• Emily Formea

How to Fix Your Internal Dialogue

~How do you talk to yourself? ~I mean what sorts of things do you whisper in your own mind regarding how you look, sound, think, or act? ~What sort of internal dialogue or communication do you have with…. You?

For years, mine was a shitty one.

I was constantly putting myself down. Whether it be about my looks, my abilities, even my relationships, it seemed that my worst enemy had actually become myself. I’d buy a really cute necklace, put it on for the world to see, then almost instantly, tell myself that it looked bad, that people would think I was showing off or trying to be fashionable… spiraling out of control, this became a constant battle between myself and my own esteem.

The craziest part was actually how unaware of this negative inner dialogue I had become. Bad habits tend to place themselves in our reality; they manifest day-to-day for so long and with such force that one morning we wake up with terrible thoughts about ourselves from….. We aren’t so sure.

I couldn’t pinpoint when it had started or even how often it happened, but I began to become more aware of the way I spoke to myself about myself.

I’d meet someone on the streets and my brain would tell me that they hated me or that they were judging me, that I most likely looked ugly or should stop being so goofy.

I’m not kidding when I say that I’ve never been in a fight with anyone other than myself, but this one has been a constant battle.

I started to get really tired of it: being my own worst enemy and critic. So, I decided to make a change. I had to change myself to better myself. I had to change the opinion I carried about me for me and by me.

Sort of weird, right? Well, not really.

It makes sense. We constantly live with ourselves, look at ourselves, compare everything to ourselves. We see the world through our own lens and believe that no one else struggles, falls down, falls again, or has doubts. We beat ourselves up because we can’t see anything other than our own path, our own lives, etc.

So, how did I change this?

Like everything else that I’ve ever shared on my blog, first, you have to accept it.

You have to accept that you’re being a bully. You have to acknowledge that you’re speaking poorly to yourself AND you have to acknowledge and accept that you deserve to be treated better than that. I think that is the root of it all: “You have to seriously work on believing that you deserve better.”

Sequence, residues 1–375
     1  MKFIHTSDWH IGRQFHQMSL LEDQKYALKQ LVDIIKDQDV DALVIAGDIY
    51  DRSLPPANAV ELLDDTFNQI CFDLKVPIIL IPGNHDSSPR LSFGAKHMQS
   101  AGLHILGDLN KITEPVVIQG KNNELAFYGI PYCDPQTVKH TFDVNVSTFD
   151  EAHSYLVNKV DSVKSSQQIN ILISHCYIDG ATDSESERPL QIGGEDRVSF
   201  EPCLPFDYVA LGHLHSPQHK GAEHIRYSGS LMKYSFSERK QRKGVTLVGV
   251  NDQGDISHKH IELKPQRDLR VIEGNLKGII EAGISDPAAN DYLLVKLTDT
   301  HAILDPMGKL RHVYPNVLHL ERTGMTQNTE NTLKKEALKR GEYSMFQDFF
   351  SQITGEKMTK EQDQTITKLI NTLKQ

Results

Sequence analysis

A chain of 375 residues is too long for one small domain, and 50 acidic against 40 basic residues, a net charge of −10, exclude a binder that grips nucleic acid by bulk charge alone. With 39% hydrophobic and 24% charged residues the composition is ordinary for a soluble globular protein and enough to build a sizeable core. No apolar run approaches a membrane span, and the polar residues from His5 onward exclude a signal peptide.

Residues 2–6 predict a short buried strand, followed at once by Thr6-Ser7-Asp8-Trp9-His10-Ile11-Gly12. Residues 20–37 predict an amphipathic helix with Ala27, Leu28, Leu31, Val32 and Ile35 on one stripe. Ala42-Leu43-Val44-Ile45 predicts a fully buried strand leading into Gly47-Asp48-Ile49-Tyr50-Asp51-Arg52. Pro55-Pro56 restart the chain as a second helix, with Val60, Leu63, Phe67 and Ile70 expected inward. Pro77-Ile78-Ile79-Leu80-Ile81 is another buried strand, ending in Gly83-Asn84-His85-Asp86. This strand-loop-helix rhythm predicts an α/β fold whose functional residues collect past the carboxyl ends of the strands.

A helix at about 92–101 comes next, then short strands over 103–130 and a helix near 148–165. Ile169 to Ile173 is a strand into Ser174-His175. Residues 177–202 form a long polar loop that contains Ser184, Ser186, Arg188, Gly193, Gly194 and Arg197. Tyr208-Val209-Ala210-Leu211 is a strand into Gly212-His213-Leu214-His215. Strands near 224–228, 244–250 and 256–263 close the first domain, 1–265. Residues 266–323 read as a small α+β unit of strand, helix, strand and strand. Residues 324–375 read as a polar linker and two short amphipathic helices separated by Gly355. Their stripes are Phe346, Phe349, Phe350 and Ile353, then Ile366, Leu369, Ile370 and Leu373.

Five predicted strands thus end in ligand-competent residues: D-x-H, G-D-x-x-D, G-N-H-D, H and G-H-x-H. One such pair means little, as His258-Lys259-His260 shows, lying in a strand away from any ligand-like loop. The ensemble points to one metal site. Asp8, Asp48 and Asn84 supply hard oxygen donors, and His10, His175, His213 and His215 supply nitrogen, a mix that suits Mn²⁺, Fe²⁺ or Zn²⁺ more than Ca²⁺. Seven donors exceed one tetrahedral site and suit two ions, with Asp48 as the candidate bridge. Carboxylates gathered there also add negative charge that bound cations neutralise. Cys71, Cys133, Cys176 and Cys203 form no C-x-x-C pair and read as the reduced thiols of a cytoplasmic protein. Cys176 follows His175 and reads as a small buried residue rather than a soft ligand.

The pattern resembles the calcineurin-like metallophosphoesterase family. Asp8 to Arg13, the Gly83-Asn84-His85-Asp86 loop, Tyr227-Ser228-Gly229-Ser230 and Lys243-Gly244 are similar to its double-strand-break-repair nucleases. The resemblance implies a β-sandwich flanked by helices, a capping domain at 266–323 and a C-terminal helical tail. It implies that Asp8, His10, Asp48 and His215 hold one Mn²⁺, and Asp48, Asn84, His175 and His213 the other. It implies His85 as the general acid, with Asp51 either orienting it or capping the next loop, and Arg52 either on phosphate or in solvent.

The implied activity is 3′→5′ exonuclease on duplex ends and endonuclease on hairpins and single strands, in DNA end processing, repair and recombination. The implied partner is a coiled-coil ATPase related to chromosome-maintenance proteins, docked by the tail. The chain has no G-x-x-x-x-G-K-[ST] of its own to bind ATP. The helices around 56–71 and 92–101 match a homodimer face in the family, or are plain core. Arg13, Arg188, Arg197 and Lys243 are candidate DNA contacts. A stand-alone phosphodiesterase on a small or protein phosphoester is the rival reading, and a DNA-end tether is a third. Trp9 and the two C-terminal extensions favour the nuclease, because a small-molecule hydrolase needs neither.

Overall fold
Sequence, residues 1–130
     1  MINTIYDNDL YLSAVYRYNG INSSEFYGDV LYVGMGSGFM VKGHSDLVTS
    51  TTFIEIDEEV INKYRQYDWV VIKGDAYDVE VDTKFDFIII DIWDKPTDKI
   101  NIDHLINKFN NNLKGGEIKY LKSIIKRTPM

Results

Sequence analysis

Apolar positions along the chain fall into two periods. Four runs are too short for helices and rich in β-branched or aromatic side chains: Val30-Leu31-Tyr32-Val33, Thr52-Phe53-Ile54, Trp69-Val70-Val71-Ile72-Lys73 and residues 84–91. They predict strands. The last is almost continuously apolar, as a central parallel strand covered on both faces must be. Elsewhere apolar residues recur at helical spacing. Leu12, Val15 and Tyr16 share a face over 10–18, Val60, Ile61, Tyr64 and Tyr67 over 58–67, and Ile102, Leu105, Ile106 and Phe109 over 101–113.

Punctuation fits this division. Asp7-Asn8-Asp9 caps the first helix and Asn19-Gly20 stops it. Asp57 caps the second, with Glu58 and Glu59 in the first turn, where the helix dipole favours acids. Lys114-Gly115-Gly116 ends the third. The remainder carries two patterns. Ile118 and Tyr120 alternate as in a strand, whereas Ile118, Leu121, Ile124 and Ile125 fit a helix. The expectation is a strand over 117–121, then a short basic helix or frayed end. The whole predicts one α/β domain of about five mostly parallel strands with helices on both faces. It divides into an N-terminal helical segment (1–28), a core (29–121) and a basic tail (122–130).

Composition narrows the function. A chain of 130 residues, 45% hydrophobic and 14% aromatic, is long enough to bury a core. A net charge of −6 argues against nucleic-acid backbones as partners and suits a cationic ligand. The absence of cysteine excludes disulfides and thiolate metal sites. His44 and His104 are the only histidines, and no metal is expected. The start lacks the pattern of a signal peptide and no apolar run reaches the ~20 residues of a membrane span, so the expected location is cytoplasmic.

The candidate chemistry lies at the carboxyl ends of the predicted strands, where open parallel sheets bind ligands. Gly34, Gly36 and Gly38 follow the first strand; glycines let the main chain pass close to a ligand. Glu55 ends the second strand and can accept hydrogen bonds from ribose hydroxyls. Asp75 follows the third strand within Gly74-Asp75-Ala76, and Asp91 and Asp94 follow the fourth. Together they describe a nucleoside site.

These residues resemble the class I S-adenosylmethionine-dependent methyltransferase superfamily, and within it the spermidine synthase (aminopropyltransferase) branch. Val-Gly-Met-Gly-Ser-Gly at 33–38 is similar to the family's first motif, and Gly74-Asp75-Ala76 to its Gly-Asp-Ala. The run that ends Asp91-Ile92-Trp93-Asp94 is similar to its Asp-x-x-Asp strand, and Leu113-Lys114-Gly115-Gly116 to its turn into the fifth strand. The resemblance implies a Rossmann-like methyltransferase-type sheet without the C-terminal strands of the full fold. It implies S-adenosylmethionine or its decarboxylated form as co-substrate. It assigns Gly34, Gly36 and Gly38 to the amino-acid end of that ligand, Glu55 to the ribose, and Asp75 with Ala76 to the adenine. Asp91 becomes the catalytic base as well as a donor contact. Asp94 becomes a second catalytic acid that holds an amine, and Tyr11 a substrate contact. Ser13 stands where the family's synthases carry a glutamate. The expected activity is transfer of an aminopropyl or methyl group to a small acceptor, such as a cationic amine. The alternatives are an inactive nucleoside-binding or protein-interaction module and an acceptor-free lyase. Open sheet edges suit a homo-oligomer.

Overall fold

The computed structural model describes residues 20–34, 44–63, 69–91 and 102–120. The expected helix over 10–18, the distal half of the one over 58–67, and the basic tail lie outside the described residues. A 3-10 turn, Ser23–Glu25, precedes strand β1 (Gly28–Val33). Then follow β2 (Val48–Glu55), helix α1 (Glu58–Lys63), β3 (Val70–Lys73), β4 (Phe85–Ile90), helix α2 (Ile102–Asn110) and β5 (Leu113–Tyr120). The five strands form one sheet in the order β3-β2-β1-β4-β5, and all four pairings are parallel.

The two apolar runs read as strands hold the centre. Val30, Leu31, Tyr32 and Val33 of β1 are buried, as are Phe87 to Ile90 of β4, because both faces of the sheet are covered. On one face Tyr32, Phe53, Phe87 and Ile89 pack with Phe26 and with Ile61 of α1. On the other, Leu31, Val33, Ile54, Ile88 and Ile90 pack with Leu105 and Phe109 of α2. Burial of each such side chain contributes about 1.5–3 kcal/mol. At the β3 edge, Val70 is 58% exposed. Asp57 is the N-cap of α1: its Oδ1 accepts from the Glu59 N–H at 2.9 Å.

After acceptance can really come change and growth. How do you change that chatter? Let me share my top tips to help you become well…. kinder to you and fix that negative self-talk that can alter the way we feel about ourselves day in and day out.

Tip #1: Track and Visualize your Inner Conversation

This was my sticky note experiment! I took a Saturday that my roomie and I hung more around the house and relaxed our weekend away, which is one of the best ways to spend a weekend in my humble opinion:) And throughout the day, I monitored myself and the talk inside my head.

Every time I’d think a negative thought about myself, BOOM, on the wall it went! But, the same for the opposite. I remember I got a package in the mail of some H&M clothing I’d ordered that day. I tried on one of the dresses and felt like a million bucks. That was a kind thought and dialogue I had within myself! That also got added to the wall.

But, holy cannoli… the ratio was VERY uneven.

I would guess I had 4:1 bad:good thoughts within my own head about myself. IN ONE DAY! Think how over time that ratio adds up! It seemed that even over stupid things: spilling my water, forgetting to take out the trash, working on an Instagram post and messing up the caption, I just would not cut myself some slack! This is a perfectionist character trait of mine and one I believe many of us have.

“When we do good things it barely registers in our brain, but when we ‘mess-up’ even over the tiniest little thing, we are the worst… or so we tell ourselves.”

The day progressed and I collected more and more negative conversation sticky-notes on my wall. By the end of the night, my hand was cramping. What the heck! Why was I beating myself up so much and so often!

My tip for you to begin the healing process is being aware. You have to have a sort of smack in the face regarding your bad habit, how often it happens, and how silly/out of control it can could be now! Personally, I started to realize how poorly I spoke to myself and how freaking often! Try this at home! Take a day, a week, heck even an hour and track your own dialogue.

See how you speak to you. What sorts of negative thoughts you tell yourself and how frequently. This helped me a great deal to come to the realization of how bad my inner dialogue had gotten, but also how intensely I now was ready to change it!

Tip #2: Change The Subject

What do we do when we find ourselves in a situation or conversation that’s not serving us or makes us uncomfortable in some sort of way? We change the conversation.

I’ve been at parties, dinners, dates, or work where someone will try to talk about politics, gossip, etc. basically things I wasn’t comfortable speaking about or didn’t feel would serve my best interest… I changed the topic of conversation.

Whenever you catch yourself saying something negative about your hair that day or your ability to get that job, change the subject… internally. Sounds super weird, right?

The first time I started to use this trick, it felt super weird. I was on the subway going to work and I saw my reflection in the window. I thought, “I look so puffy today. Why does my face look like that? I have like chipmunk cheeks…….I wonder when the new Aladdin movie comes out?”